|116||Poland||—||18 May 1948||Relations were broken in 1967, restored in February 1990.|
|117||Portugal||12 May 1977|
|—||Qatar||April 1996||—||In April 1996, Qatar and Israel agreed to exchange trade representation offices. Trade offices closed in February 2009.|
Israeli-issued passports are not allowed in Qatar. The only time Israel will be allowed is during 2022 FIFA World Cup.
|118||Republic of the Congo||—||9 November 1960||Date diplomatic relations established. Broke relations on 31 December 1972, resumed in August 1991.|
|119||Romania||11 June 1948||12 June 1948|
|120||Russia||—||17 May 1948||Recognition extended as the Soviet Union. Relations broken in 1967, restored on 19 October 1991.|
|121||Rwanda||—||Relations severed in October 1973, and restored in October 1994.|
|122||Saint Kitts and Nevis||—||January 1984||Date diplomatic relations established|
|123||Saint Lucia||—||January 1979||Date diplomatic relations established|
|124||Saint Vincent and the Grenadines||—||January 1981||Date diplomatic relations established|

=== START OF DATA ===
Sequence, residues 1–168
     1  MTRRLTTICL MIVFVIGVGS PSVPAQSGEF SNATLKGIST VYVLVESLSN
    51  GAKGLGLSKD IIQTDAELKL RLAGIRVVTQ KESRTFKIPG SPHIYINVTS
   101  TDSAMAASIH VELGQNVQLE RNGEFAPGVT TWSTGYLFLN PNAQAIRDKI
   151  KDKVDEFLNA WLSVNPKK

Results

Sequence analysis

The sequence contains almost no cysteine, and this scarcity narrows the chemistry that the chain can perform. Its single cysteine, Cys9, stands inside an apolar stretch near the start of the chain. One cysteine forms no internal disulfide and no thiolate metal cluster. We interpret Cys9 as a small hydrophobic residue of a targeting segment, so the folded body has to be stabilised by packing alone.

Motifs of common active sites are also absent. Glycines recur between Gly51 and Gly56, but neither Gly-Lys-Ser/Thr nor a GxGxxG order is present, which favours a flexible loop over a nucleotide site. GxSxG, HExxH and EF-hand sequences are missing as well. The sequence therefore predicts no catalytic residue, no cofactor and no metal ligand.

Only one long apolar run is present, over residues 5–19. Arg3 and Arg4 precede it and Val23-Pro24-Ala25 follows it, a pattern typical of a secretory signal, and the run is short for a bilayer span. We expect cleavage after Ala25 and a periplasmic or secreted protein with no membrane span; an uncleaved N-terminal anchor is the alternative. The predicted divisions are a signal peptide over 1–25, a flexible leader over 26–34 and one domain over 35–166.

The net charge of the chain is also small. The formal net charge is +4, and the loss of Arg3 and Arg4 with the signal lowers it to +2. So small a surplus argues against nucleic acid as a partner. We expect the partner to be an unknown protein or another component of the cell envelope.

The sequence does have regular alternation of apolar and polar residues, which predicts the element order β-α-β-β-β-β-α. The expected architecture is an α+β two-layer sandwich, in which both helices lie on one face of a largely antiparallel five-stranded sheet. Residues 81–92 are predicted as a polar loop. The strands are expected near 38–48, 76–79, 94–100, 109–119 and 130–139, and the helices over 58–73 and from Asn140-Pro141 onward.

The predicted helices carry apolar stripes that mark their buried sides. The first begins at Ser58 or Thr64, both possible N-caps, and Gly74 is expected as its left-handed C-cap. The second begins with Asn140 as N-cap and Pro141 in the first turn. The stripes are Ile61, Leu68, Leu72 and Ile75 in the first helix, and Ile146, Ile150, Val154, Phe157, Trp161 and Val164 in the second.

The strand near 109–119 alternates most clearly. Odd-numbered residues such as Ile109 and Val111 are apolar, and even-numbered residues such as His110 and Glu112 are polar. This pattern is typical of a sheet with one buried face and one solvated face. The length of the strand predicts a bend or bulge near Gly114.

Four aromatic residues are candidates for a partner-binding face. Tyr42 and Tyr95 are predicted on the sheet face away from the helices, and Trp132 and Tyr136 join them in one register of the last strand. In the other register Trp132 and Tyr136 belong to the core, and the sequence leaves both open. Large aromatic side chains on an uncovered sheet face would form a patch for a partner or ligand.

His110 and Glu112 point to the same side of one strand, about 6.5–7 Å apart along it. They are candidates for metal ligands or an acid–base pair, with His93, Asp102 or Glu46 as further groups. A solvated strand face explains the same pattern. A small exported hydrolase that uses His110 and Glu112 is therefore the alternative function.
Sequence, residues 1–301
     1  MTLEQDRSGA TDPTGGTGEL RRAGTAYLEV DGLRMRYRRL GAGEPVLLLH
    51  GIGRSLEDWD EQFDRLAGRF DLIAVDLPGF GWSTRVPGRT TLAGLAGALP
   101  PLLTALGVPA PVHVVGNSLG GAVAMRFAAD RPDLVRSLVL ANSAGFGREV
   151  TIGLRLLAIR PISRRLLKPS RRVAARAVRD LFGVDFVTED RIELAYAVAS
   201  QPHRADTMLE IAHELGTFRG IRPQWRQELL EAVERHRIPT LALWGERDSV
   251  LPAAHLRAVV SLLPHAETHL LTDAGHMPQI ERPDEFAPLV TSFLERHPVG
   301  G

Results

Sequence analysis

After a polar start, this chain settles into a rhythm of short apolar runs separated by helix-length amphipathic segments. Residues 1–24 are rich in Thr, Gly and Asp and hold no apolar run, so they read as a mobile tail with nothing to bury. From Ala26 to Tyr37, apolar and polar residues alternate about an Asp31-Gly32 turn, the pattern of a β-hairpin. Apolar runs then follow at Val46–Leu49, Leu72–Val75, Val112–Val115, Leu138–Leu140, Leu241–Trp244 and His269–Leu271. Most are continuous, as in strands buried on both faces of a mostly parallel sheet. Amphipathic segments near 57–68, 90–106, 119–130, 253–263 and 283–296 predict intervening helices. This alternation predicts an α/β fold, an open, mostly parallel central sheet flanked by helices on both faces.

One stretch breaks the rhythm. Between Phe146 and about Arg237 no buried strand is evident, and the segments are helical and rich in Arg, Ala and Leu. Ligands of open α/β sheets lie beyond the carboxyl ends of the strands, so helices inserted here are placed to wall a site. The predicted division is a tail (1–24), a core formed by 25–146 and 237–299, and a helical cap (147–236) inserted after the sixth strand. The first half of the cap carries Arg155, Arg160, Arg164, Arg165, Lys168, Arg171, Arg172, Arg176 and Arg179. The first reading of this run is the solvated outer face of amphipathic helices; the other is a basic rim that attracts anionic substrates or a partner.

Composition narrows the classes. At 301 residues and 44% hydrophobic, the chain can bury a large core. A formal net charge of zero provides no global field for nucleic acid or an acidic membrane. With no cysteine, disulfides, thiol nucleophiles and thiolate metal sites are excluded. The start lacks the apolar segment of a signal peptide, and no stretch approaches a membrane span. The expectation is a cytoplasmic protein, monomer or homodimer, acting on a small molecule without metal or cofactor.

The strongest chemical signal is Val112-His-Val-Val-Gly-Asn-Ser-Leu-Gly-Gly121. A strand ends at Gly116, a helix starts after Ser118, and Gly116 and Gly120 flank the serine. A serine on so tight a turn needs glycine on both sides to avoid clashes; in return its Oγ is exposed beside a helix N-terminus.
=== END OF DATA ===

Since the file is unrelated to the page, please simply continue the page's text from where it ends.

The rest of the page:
|125||Samoa||—||June 1977||Date diplomatic relations established|
|126||San Marino||—||1 March 1995|
|127||São Tomé and Príncipe||—||November 1993||Date diplomatic relations established|
|—||Saudi Arabia||—||—||Does not accept Israeli passports.|
|128||Senegal||1960||—||Relations broken in October 1973, and resumed in August 1994.|
|129||Serbia||—||31 January 1992||Date diplomatic relations established|
|130||Seychelles||—||September 1992||Date diplomatic relations established|
|131||Sierra Leone||—||Relations broken in October 1973, and resumed in May 1992.|
|132||Singapore||—||11 May 1969||Date diplomatic relations established|